US Air Force Testers Load Five JASSM Cruise Missiles onto F-15E Strike Eagle
US Air Force Testers Load Five JASSM Cruise Missiles onto F-15E Strike Eagle

US Air Force Testers Load Five JASSM Cruise Missiles onto F-15E Strike Eagle

The 85th Test and Evaluation Squadron completed a munitions proof-of-concept called Project Strike Rodeo, May 11, 2021, that validated loading five AGM-158 Joint Air-to-Surface Standoff Missiles (JASSM) on an F-15E Strike Eagle. This lays the foundation for follow-on flight testing that would more than double the F-15E’s current JASSM-carrying capacity. The grass-roots initiative started in January 2021 during a WEPTAC working group. A team of expert tacticians were working through a specific scenario that relied on the ability to escort a bomber loaded with stand-off munitions to a release point in a highly-contested environment.

An F-15E Strike Eagle is loaded with five JASSMs at Eglin Air Force Base, Fla., May 11, 2021 as part of Project Strike Rodeo.

Some warfighters hypothesized that using a formation of fighters instead of a single bomber to employ the JASSM salvo could not only reduce the size and complexity of the strike package required to execute the mission, it would also distribute mission risk across the force. Unfortunately, the maximum number of JASSMs any fighter can currently carry is two, meaning though the idea is feasible it wasn’t viable based on the number of fighters required, unless… a fighter could carry more JASSMs. With this idea in mind, the F-15E Strike Eagle was the platform considered for taking on the task of carrying more JASSMs, and Project Strike Rodeo was born.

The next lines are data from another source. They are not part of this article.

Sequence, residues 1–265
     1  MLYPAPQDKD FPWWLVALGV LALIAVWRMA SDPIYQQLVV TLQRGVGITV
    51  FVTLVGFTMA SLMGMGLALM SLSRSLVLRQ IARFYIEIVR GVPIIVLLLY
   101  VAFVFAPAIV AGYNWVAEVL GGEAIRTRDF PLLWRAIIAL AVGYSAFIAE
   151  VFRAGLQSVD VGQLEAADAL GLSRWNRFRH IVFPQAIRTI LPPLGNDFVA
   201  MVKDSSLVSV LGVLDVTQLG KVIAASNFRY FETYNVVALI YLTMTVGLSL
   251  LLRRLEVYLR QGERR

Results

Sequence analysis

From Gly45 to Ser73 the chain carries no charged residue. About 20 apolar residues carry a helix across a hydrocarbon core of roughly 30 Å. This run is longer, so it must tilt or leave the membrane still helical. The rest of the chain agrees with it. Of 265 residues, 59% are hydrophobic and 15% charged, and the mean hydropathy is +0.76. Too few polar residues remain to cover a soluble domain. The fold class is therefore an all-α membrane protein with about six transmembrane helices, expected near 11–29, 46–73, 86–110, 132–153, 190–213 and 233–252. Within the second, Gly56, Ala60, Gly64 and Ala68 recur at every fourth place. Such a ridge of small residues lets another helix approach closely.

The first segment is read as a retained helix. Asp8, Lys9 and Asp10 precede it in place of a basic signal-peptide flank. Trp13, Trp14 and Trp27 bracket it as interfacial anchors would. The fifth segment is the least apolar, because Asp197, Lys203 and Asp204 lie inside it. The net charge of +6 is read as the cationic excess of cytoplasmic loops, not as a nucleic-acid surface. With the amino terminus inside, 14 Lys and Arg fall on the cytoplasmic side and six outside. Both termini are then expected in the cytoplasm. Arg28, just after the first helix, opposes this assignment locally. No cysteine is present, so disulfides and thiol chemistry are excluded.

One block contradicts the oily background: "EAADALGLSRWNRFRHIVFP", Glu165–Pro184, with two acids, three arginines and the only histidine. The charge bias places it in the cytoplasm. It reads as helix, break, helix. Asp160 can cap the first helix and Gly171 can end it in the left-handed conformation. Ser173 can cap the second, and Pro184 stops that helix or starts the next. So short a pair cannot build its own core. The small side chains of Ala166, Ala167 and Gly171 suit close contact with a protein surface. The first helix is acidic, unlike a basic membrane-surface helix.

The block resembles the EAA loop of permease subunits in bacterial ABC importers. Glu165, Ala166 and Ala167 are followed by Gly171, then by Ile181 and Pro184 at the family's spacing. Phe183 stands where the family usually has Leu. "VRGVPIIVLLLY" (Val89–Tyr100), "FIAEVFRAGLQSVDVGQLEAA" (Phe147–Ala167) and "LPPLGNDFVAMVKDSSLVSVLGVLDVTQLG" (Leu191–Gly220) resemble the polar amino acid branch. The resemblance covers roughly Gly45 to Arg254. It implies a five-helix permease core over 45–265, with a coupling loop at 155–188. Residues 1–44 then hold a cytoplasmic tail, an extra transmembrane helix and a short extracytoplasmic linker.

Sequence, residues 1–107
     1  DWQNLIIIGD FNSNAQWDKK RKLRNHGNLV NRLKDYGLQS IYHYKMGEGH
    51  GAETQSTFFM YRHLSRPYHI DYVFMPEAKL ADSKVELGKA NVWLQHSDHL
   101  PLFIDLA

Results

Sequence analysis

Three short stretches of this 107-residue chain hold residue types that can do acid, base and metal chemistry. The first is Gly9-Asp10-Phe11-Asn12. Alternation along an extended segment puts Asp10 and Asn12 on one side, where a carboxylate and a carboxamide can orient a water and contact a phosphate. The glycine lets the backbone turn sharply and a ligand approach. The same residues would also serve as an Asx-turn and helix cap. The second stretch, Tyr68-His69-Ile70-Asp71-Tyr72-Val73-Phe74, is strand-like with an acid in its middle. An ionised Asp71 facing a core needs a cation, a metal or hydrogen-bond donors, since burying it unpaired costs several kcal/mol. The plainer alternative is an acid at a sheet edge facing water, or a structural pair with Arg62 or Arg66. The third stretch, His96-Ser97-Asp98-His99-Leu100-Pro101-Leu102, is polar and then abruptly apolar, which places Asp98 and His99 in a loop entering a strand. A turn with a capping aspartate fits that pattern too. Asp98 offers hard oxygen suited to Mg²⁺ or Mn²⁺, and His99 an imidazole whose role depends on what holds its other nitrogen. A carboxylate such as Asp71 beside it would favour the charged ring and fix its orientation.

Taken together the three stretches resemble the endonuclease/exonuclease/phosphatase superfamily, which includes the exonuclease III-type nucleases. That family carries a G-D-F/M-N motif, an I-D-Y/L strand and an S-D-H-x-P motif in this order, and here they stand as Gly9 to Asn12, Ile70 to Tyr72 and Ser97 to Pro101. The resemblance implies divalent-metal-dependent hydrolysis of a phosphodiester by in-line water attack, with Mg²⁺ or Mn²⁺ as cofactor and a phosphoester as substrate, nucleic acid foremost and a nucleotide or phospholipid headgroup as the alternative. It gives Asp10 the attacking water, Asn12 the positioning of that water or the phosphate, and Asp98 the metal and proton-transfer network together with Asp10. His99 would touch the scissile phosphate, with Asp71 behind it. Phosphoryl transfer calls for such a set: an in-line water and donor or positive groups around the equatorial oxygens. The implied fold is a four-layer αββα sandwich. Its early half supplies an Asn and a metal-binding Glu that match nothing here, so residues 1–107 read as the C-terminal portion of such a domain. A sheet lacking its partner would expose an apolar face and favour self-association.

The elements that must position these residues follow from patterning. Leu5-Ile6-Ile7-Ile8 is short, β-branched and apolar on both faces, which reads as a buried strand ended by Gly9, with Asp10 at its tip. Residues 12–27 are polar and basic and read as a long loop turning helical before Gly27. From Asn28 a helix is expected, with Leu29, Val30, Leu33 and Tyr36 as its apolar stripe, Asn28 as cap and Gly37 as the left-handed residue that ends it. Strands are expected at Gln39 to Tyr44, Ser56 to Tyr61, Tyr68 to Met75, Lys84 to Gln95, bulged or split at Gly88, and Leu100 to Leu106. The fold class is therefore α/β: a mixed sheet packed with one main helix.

An F-15E Strike Eagle is loaded with five JASSMs at Eglin Air Force Base, Fla., May 11, 2021 as part of Project Strike Rodeo.

Unfortunately, the munitions would not fit on the conformal fuel tank weapons stations of the F-15E, as JASSM was designed to be loaded directly from the base of their shipping containers, which is too large to fit under the F-15E without hitting the main landing gear. A small Eglin-based team was formed comprising multiple units within the 53d Wing, 96 Test Wing, and the Air Force Life Cycle Management Center to find a solution. The team designed and manufactured a special loading tool and wrote new weapons loading procedures. Project Strike Rodeo then drew the interest of the F-15 System Program Office, which provided the funding to execute this load test.

An F-15E Strike Eagle is loaded with five JASSMs at Eglin Air Force Base, Fla., May 11, 2021 as part of Project Strike Rodeo.

The AGM-158 JASSM (Joint Air-to-Surface Standoff Missile) is a low observable standoff air-launched cruise missile developed by Lockheed Martin for the United States Armed Forces. It is a large, stealthy long-range weapon with a 1,000 pound (454 kg) armor piercing warhead. It completed testing and entered service with the U.S. Air Force in 2009, and has entered foreign service in Australia, Finland, and Poland as of 2014. An extended range version of the missile, the AGM-158B JASSM-ER (Joint Air-to-Surface Standoff Missile-Extended Range), entered service in 2014. By September 2016, Lockheed Martin had delivered 2,000 total JASSMs comprising both variants to the USAF.

An F-15E Strike Eagle is loaded with five JASSMs at Eglin Air Force Base, Fla., May 11, 2021 as part of Project Strike Rodeo.